How to Make Goals Come to Life
Set a goal to run five times a week for a year. Or commit to run a marathon in six months. Running a marathon is a reason. A goal comes to life when you give it a reason.
We run in circles when goals don’t pull us forward.
Goals are affliction apart from reasons.
Reasons are magnets. Running a marathon is a magnet. Going to the gym is a goal. Living to reach a goal is good. Living for a reason is richer.
Reasons before goals:
Don’t set an arbitrary goal. Arbitrary goals, even good ones, add weight to life. Set a goal after you choose something meaningful to accomplish.
Cutting costs by 7% is a random goal. Choosing not to lay off people during lean times is motivation to cut costs.
What’s the point of hitting targets when the only reason to hit targets is hitting targets?
- Fuel energy.
- Explain pursuit.
- Strengthen cohesion.
- Enable sacrifice.
How to make goals come to life:
Imagine a year like none other. Joy exceeded expectation. Your hands are raised in victory. Imagine you arrive at the end of the year dancing with ecstasy. Let yourself sink into feelings of jubilation, victory, and pride.
Now imagine you’re surrounded by people who love you. Their hands are raised. They’re chanting like you won the World Cup. Who are those people? Make a list of names.
What did you do that made them wildly excited for you? What are they saying you accomplished?
What goals come to mind when you choose to live for a celebration?
What gives life to a goal?
I love this – what a great post for this reflective season.
Thanks Travis. We all start thinking about family and the New Year. I love it.
Thanks so much for that rather profound insight, Dan!
…especially as the season for New Year’s resolutions is close at hand.
Make sure the reason is the right one. Probably the most common New Year’s resolution is to lose weight. Which of these reasons is most likely to work: to fit into that perfect dress, to be healthier, or to avoid knee surgery? The answer may be different for everyone, of course. But in general, a reason that resonates with you (versus what you think should resonate) is more motivating.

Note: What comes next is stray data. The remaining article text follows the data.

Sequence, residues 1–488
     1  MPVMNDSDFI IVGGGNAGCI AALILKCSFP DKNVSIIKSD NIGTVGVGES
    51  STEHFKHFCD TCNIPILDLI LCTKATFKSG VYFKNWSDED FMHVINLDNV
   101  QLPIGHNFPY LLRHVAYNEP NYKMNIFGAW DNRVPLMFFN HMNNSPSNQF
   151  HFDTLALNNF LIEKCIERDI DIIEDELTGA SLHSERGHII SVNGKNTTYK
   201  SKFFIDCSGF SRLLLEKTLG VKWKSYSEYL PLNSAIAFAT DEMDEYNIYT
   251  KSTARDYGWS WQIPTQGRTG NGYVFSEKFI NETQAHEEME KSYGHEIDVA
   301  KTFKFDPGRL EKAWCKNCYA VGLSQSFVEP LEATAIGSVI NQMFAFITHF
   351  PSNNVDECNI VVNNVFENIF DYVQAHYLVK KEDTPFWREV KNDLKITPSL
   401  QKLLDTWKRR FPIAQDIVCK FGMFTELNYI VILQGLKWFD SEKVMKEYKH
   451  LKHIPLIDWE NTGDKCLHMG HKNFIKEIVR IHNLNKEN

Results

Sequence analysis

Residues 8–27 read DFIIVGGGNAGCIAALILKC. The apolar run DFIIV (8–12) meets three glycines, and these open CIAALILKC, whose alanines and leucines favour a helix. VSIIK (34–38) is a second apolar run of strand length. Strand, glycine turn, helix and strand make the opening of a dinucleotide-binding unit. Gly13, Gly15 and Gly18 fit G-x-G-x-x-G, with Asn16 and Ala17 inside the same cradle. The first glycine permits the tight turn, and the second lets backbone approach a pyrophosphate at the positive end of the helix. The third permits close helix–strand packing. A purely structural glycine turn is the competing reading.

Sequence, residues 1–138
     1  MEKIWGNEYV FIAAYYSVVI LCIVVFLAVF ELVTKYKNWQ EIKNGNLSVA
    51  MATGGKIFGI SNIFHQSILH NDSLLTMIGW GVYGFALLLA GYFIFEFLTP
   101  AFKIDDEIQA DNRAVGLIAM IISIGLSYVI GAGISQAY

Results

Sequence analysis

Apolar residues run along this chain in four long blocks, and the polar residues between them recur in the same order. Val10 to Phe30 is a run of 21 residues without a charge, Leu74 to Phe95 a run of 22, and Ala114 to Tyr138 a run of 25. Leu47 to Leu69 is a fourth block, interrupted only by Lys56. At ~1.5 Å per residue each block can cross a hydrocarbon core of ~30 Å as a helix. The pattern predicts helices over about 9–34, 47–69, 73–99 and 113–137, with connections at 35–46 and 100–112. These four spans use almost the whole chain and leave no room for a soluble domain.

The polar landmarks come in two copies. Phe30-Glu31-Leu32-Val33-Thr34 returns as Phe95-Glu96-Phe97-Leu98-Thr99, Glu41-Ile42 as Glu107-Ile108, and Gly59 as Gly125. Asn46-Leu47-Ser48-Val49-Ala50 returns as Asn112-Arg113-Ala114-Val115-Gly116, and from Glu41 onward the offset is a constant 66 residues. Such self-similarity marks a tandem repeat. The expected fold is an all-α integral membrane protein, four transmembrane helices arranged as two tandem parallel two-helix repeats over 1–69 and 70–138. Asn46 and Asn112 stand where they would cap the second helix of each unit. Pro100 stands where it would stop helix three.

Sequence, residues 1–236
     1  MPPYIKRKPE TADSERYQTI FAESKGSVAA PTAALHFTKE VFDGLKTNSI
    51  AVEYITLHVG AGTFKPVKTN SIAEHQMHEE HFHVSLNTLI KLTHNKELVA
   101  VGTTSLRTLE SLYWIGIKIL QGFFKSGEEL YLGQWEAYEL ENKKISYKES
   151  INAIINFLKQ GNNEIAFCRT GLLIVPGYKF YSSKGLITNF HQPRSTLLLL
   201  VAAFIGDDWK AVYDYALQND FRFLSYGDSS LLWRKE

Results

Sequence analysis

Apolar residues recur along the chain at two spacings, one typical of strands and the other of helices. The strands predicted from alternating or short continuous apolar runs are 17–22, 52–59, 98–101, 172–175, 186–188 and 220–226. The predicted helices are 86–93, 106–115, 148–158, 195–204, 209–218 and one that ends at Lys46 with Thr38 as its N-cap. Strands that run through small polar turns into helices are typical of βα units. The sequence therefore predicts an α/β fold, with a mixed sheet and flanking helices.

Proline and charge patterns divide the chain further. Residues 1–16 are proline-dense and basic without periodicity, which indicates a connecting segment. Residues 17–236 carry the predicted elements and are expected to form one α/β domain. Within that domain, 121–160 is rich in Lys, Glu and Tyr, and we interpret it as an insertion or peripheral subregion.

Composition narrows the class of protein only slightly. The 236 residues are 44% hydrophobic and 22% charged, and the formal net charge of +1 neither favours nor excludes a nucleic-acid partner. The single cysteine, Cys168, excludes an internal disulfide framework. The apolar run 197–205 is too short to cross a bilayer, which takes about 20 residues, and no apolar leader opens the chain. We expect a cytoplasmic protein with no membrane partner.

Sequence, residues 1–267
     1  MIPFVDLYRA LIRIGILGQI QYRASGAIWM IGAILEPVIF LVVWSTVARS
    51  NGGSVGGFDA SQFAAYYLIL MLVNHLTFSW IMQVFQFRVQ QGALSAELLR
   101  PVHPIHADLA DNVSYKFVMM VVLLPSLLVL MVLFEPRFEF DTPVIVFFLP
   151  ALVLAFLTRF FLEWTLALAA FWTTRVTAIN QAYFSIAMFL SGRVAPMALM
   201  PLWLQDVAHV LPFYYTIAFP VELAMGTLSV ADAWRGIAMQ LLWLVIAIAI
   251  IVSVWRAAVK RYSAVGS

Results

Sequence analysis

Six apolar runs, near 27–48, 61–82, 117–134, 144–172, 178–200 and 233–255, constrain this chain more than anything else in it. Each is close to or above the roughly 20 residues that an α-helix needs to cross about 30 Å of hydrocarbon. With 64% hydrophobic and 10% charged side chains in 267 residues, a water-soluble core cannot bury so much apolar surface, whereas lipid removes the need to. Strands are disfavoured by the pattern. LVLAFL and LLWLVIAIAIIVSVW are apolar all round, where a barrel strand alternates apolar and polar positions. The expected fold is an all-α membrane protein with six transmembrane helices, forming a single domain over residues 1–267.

I love this line: What’s the point of hitting targets when the only reason to hit targets is hitting targets?. It’s so true! You really have to give life to a goal. I am having a meeting with a group of companies on Thursday. We are in the setting goals for 2023 phase. I am going to use your guidance on how to bring goals to life! Thank you Dan
I love this post. New Year’s resolutions around the corner (never truly bought in) and I am instead thinking of your line, “What goals come to mind when you choose to live for a celebration?” With that, the reason must come from me… hitting others’ targets is not going to lead to celebration.
This post hits close to home, literally. Seven years ago, I made a commitment to myself to get into better shape by eating right and getting back into running. I made a goal to run 30 minutes a day, six days a week. I live on a street that is a large loop. So I do run in circles- three of them in that duration. A retired track coach who lives on my street has encouraged me to run a 5K marathon. I didn’t take him seriously because the goal of my running was for health, but you now got me thinking that I could make running a marathon a secondary goal.
If a goal is not important enough all year long, what makes one think it will be important enough just because it’s January 1st . . . again! Many years ago I made a New Year’s resolution never to make another New Year’s resolution and it stuck! If it’s not important enough to evoke change on July 1st, it probably won’t be on January 1st either.
Happy New Year to all.